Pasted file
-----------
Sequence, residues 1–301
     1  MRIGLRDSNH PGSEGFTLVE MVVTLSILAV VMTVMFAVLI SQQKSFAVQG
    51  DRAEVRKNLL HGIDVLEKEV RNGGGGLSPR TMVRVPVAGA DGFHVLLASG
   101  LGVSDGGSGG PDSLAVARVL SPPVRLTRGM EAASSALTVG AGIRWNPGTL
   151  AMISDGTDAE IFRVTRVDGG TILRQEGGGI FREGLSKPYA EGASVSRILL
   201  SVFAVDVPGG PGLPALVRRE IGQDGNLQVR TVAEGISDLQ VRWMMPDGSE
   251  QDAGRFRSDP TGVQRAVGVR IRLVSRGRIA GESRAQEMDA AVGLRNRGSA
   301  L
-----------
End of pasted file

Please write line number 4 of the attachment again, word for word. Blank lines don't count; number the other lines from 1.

   101  LGVSDGGSGG PDSLAVARVL SPPVRLTRGM EAASSALTVG AGIRWNPGTL